Tuesday, February 5, 2013

Thoughts on Writing: Finding Inspiration... Fairy tales

Hello darlings,

As I prepare to embark on this journey, I find myself faced with endless possibilities. Which road to take depends on where you derive your inspiration. Now, I've spent years writing reviews, recaps, fanfics, and academic assignments that comment on an existing piece of art. Perhaps in another post, I'll tackle the concept of writing a truly "original" story but for now I'll stick to something a little safer and talk about my sources of inspiration.

Every romance is rooted in the social and cultural experience of the author and the romantic literary tradition that preceded it. Each generation builds upon the work that previous generations have done whether or not they are conscious of the actual source material. But, as I've said, I've always been very conscious of the places from which I draw inspiration. I bookmark websites. I keep notepads full of quotes. I keep journals full of magazine clippings. And I've recently discovered the wonder of Pinterest. ;)

But for me, one of my biggest sources of inspiration has to be fairy tales and mythology. I grew up during the height of the Disney Renaissance. And like many children, fairy tales and mythology were what drew me into the library and into Barnes & Noble. Fairy tales are what drew me into fantasy and young adult fiction. And of course all those Disney films spurred my other loves like musicals and art and animation.

Now, when I think about actually sitting down to write a novel, the first thing that comes to mind are the stories I've always wanted to write about. Other than doing retreads of the stories that everyone knows, I've always wanted to try my hand at The Six Swans, The Goose Girl, Manyfurs, East of the Sun and West of the Moon, and Maid Maleen. Yes, I was the little girl with the complete collection of Grimm fairytales. While I think you could easily make adapt these stories for adults, I think they really belong in the young adult section. I think there's something valuable in not just inventing new female characters, but resuscitating female characters that are already present in our culture and fleshing them out and giving them new life. And I've been wanting to write what I consider real strong female characters for years.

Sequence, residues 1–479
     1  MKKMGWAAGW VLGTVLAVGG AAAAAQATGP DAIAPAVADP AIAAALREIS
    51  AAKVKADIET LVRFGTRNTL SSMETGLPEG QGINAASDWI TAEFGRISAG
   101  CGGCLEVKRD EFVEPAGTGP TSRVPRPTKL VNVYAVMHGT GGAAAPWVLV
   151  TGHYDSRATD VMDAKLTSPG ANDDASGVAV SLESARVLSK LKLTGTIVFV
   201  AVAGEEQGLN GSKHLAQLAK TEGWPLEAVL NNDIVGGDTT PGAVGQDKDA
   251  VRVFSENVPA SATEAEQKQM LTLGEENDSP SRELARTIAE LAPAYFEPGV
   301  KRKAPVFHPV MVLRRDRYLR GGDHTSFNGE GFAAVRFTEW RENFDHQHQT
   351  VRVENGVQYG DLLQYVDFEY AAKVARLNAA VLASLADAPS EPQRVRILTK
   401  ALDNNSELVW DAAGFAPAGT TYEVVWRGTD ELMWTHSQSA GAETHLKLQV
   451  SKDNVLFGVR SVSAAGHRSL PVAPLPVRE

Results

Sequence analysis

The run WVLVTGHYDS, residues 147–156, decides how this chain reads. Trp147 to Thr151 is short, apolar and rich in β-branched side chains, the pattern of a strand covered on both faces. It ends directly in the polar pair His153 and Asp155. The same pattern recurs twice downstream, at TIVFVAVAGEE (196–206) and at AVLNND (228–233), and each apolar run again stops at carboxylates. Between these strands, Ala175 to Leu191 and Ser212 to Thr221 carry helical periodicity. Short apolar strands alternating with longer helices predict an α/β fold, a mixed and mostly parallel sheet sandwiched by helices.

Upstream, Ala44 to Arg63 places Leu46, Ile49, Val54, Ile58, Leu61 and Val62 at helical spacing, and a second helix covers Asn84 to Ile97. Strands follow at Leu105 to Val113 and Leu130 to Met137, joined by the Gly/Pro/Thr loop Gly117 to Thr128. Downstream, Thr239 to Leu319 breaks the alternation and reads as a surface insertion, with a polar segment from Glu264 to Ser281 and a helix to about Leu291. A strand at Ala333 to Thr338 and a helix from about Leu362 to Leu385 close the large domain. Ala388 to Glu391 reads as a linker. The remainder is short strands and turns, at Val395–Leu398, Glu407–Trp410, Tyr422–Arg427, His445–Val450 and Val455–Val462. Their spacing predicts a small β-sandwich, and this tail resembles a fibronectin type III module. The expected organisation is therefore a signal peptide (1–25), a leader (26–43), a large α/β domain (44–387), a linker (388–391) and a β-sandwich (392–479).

As for an original story, I've had a few stalled attempts over the years. Often they just come across as mimicries of other characters. My most recent attempt to do a take on Little Red Riding Hood fell flat. For me, there are two problems with doing an original story. 1. Effective world-building is incredibly difficult. J.K. Rowling may not be the world's greatest author but one of the reasons the Harry Potter series is so captivating is that it managed to pull in so many fantasy elements while maintaining a coherent vision. I've never been the kind of writer who was all that focused on the setting or on magic and fantasy over realistic characters so learning how to utilize those elements would be difficult. 2. A fairy tale has to have a motivation. Whether openly acknowledged or not, the most successful fairy tales are based on some societal or personal anxiety. Fear of the big bad wolf... whether it's his masculine sexual desire or his animalistic qualities and existence outside of the bounds of proper society in the unknown foreignness of the woods. Marriage as a means of social mobility or of obtaining security in a patriarchal society where women are forced into competition for resources. And right now I don't have a compelling character in my head who has an anxiety that needs resolution. Or maybe I do and I'm not ready to tackle it. The last thing I want to do is invent a character and end up with a Mary Sue.

Ah, well, that's enough work (and inane rambling) for today. I hope you're deriving some enjoyment from accompanying me in my writing process.

I'll check in again soon. :)

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